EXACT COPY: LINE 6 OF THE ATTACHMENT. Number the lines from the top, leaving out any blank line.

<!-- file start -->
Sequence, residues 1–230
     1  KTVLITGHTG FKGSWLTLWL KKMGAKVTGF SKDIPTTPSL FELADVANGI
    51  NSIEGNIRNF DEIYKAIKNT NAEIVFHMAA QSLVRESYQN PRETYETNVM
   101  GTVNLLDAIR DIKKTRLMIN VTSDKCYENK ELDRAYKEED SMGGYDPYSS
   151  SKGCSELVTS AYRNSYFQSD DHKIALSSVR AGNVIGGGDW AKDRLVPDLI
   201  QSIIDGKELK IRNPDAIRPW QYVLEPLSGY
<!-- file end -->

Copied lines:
   201  QSIIDGKELK IRNPDAIRPW QYVLEPLSGY